NUBDUG ENSEMBLE -VOLUME 2: BLAME (CD by Pest Colors Music)
G.CALVIN WESTON – HYDROGEN 77 (CDR by Soundscape Recording Lab)
AMANDA CHAUDHARY – MEOW MEOW BAND (CD by Catsythn)

The Nubdug Ensemble came out of the blue for me when we first received some of their work for review at Vital Weekly. I learned that this ensemble is led by Jason Berry, who worked for decades with his companion Michael de la Cuesta under the moniker of Vacuum Tree Head. In 2019 their collaboration ended, and Jason Berry started his Nubdug Ensemble. Like the surprising debut album, this new album is again a mini-album of various very profiled and well-defined compositions delivered in a well-crafted and spirited performance. Members of the crew are Steve Adams (soprano, tenor, and baritone saxophones, flute), Myles Boisen (electric guitar, lap steel guitar), Amanda Chaudhary (keyboards, synthesizers, electronics), Chris Grady (trumpet), Jill Rogers (voice), Brett Warren (bass guitar, fretless bass, electric upright bass, chapman stick), G Calvin Weston (drums, percussion) and Jason Berry (programming, keyboards, electronic sounds, etc.). The album contains seven compositions, all carrying one-word titles starting with letters ‘Bl..’ Together, they make a lovely eclectic ride, reminding me of Fibonaccis (‘Bleep’) and a lot, lot more. Aspects of blues, jazz, prog rock, avant-pop and -rock pass by in this kaleidoscopic journey. ‘Blaze’ starts with strange sounds and movements on synth before a jazzy interplay takes over. ‘Block’ is a funky tune with great bass played by Warren. They make intelligent use of the idiomatic material and construct catchy and accessible tunes, with much attention for instrumentation and arrangements.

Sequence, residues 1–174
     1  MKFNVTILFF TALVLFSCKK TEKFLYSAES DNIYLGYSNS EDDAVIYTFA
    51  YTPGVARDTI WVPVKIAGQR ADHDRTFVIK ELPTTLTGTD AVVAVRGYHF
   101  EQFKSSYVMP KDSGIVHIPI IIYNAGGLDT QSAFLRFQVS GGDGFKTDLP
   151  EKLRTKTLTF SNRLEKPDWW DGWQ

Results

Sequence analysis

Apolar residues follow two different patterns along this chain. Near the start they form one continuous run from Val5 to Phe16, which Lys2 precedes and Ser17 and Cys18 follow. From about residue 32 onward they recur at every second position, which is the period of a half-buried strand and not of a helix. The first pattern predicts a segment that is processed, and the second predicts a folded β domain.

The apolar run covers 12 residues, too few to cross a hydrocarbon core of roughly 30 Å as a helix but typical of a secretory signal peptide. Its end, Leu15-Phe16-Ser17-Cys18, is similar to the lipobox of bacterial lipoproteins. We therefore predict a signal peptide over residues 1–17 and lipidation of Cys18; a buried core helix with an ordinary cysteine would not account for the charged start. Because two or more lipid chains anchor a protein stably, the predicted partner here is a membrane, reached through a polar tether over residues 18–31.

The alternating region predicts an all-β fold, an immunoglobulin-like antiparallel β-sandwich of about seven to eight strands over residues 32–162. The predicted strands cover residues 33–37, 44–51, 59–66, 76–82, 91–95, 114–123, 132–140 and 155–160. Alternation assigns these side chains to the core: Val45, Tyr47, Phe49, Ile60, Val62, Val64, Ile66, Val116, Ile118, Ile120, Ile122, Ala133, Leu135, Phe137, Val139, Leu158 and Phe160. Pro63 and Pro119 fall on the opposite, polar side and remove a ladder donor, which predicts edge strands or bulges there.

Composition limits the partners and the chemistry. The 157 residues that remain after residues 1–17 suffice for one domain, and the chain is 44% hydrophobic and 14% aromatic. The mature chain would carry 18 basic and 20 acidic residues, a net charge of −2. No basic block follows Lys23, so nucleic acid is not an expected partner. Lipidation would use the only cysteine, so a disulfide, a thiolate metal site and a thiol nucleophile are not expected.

Amanda Chaudhary is a multi-sided artist working as a composer, bandleader, electronic musician and visual/sound artist. Involved in diverse projects in the Bay Area and New York, she presents her first solo statement. Involved are several musicians that were also involved in the Nubdug Ensemble like Chaudhary herself: Steve Adams (alto and tenor saxophones), Myles Boisen (electric guitar), G.Calvin Weston (drums, percussion), plus Sheldon Brown (bass clarinet), Amy X Neuburg (voice), Jamaaladeen Tacuma (bass guitar), Serena Toxicat (voice) and Amanda Chaudhary (synthesizers, keyboards, electronics). Again a short album of six compositions. After a strange opening invocation track, the mini-album continues with funk-based tracks. ‘White Wine’ is a non-spectacular funky tune, developing as one expects it to do. It is performed very drily combined with weird synth-escapades.‘Cables and Carafes’ and ‘North Berkely Bart’ impress both because of the weird outdated 70s synths sounds. Very funny. ‘Under the Ceiling Fan’ is a nice ballad with a main role for the blowers. Closing track ‘Donershtik’ is an up-tempo funky ride with excellent playing by Tacuma and again with odd synth arrangements.